Nearly imperceptible fluctuations in movement correspond to autism diagnoses

January 17, 2018, Indiana University
IU Ph.D. student Di Wu directs a volunteer as she touches images on a screen using a device designed to track miniscule fluctuation in the arm's movement. IU-led research suggest physical movement is an accurate method to diagnose neurodevelopmental disorders, including autism. Credit: James Brosher, Indiana University

A new study led by researchers at Indiana University and Rutgers University provides the strongest evidence yet that nearly imperceptible changes in how people move can be used to diagnose neurodevelopmental disorders, including autism.

The study's results, reported Jan. 12 in the Nature journalScientific Reports, suggest a more accurate method to diagnose autism. Current assessments depend on highly subjective criteria, such as a lack of eye or repetitive actions. There is no existing medical test for autism, such as a blood test or genetic screening.

"We've found that every person has their own unique 'movement DNA,'" said senior author Jorge V. José, the James H. Rudy Distinguished Professor of Physics in the IU Bloomington College of Arts and Sciences' Department of Physics. "The use of movement as a 'biomarker' for autism could represent an important leap forward in detection and treatment of the disorder."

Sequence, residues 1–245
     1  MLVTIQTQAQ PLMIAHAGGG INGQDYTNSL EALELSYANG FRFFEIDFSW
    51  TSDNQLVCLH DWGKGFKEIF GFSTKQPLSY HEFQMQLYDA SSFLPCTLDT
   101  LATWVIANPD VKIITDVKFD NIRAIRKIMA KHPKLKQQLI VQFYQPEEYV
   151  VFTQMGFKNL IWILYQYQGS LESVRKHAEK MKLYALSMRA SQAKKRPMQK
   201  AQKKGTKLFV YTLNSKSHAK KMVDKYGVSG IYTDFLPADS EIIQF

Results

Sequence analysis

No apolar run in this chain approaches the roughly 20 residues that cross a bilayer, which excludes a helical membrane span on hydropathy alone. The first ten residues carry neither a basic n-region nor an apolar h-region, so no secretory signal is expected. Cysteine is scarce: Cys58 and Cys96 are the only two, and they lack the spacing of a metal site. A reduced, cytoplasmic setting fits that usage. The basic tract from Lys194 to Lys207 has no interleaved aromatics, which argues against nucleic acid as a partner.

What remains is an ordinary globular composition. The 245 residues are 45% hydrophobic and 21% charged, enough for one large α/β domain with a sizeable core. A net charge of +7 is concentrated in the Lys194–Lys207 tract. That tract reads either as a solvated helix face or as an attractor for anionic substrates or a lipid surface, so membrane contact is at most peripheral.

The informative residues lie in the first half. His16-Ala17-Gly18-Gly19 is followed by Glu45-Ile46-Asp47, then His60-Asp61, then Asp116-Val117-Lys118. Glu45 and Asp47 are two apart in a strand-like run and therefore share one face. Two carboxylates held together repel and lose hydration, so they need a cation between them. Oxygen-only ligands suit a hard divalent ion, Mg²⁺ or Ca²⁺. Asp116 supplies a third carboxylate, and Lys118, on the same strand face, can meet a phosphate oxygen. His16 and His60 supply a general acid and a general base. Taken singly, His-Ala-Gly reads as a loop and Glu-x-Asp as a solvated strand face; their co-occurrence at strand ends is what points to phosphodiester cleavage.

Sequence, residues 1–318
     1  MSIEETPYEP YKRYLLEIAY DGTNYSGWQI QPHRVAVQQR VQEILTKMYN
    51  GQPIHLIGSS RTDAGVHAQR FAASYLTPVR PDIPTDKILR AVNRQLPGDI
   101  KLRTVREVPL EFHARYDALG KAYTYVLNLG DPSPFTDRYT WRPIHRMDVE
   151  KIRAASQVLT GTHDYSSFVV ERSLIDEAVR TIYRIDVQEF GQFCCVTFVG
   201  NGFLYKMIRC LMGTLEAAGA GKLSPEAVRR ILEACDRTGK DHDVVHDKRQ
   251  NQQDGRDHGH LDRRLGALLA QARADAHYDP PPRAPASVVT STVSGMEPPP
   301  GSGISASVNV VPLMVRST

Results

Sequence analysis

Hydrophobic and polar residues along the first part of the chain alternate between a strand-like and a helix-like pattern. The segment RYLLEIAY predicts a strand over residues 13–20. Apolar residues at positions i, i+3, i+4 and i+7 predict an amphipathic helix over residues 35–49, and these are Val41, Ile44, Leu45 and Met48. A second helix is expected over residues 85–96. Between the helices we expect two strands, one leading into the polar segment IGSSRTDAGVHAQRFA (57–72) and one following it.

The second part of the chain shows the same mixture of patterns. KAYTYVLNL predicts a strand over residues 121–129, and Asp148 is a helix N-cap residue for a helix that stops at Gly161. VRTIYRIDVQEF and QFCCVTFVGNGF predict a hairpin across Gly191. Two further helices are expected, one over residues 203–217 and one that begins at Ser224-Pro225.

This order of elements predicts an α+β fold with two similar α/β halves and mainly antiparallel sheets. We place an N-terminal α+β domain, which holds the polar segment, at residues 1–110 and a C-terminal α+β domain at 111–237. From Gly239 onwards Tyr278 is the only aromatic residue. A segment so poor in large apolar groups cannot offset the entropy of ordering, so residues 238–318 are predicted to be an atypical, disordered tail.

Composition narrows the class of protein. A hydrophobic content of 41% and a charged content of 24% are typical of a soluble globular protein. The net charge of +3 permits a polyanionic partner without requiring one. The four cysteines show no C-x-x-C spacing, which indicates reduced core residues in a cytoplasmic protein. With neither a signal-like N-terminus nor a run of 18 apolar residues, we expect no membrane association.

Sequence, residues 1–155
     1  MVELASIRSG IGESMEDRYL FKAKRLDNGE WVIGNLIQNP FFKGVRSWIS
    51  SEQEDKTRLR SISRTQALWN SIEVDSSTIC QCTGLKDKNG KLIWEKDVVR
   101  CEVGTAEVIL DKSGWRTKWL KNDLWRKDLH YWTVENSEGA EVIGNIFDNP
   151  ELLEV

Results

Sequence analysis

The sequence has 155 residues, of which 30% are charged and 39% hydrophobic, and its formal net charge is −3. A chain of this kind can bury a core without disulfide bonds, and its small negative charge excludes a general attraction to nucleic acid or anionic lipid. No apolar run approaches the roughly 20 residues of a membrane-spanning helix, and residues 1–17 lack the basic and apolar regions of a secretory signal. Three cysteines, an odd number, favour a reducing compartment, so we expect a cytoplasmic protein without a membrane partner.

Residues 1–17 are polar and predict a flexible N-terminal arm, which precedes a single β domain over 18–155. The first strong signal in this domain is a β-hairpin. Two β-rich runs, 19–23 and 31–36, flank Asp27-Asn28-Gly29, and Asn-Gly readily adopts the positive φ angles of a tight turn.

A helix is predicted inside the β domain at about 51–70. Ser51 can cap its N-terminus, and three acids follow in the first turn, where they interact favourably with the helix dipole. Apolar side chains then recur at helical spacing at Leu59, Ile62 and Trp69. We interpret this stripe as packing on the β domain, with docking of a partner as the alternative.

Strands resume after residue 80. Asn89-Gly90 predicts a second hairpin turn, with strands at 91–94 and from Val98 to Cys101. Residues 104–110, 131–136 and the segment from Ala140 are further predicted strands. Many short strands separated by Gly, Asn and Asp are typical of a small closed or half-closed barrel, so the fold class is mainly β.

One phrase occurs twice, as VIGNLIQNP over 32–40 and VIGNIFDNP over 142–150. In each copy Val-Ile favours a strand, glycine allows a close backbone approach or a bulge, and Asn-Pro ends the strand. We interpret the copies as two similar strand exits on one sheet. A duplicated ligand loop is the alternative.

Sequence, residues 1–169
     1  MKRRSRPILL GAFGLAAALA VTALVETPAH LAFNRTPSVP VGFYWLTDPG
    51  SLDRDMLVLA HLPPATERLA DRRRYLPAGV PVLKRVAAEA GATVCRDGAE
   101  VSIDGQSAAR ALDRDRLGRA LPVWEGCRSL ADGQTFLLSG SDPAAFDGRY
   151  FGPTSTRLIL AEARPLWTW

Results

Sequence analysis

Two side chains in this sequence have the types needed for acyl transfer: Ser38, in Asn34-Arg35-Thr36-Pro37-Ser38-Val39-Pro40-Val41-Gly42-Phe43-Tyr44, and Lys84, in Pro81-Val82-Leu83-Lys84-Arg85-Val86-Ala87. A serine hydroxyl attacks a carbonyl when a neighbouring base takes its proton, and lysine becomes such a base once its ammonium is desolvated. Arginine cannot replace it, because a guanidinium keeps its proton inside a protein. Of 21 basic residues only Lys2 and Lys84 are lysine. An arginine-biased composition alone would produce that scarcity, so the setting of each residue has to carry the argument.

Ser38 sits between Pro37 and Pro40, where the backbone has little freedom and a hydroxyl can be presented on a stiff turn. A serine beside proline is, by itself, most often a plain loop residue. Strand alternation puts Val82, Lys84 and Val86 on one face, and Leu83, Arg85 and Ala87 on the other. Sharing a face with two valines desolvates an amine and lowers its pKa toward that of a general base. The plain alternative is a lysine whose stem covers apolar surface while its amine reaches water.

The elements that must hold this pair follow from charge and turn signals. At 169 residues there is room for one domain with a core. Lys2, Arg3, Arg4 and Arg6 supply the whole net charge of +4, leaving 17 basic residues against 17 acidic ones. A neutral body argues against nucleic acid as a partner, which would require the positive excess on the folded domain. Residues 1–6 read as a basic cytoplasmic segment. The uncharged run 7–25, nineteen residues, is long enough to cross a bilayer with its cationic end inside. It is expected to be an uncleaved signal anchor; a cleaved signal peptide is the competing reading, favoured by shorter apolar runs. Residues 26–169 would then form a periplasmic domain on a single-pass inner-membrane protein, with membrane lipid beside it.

It's estimated that 1 percent of the world's population, including 3.5 million children and adults in the United States, are diagnosed with , which is the country's fastest-growing developmental disability.

Unlike diseases diagnosed with medical tests, autism remains dependent upon symptoms whose detection may vary based upon factors such as the person conducting the assessment. The assessments are also difficult to administer to very young children, or to people with impairments such as lack of verbal skills, potentially preventing early interventions for these groups. Early intervention has been shown to play an important role in successful treatment of autism.